As a co-op player, perhaps the most bizarre thing I found was that the game gives you an AI buddy right from the get go in Rico. Like Army of Two, if you go down, the AI is actually capable of reviving you, and you revive him. But he’s not there for every mission. I was surprised to see when playing the two player local co-op (the only co-op the game has) - Rico isn’t controlled by your friend, instead it adds in Natko from the previous game for your co-op partner. While not too big of a deal, it does make the cut scenes a bit fragmentary because the second player is no longer included.
These are just a few of the oddities we found while playing the campaign in co-op. It’s clear that the game wasn’t designed for this mode from the start, but instead Guerrilla found a way to add it in. As we said, co-op in Killzone 3 is a split screen only affair - and it uses the offset box technique but still keeps an odd aspect ratio for display. I’m not quite sure why its done this way - usually when there’s the offset boxes it keeps a 16:9 ratio on the perspective. Still I never did feel like I was cramped playing split screen, so that’s a good thing.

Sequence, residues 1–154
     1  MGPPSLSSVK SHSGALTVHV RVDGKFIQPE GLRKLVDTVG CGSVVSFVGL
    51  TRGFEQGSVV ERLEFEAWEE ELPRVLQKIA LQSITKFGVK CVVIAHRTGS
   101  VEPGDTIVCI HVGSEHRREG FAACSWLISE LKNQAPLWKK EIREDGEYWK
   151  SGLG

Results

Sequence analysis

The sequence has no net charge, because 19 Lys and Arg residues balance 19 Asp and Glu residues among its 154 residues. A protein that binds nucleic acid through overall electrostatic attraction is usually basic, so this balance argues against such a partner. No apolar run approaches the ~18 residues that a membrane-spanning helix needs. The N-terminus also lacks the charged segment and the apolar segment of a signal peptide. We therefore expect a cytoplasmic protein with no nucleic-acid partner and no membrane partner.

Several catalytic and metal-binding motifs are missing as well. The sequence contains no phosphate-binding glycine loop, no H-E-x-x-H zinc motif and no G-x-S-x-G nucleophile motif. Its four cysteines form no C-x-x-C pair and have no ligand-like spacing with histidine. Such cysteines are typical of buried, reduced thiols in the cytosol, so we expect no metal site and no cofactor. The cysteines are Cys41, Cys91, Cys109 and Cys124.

While I never found a memorable moment throughout Killzone 3, I don’t think there was necessarily a bad moment either. There’s an odd focus on the new (and brutal) melee kills, but the weapons themselves are all a lot of fun to use and there’s a good variety. Most weapons return from Killzone 2, but the few new weapons are incredibly satisfying.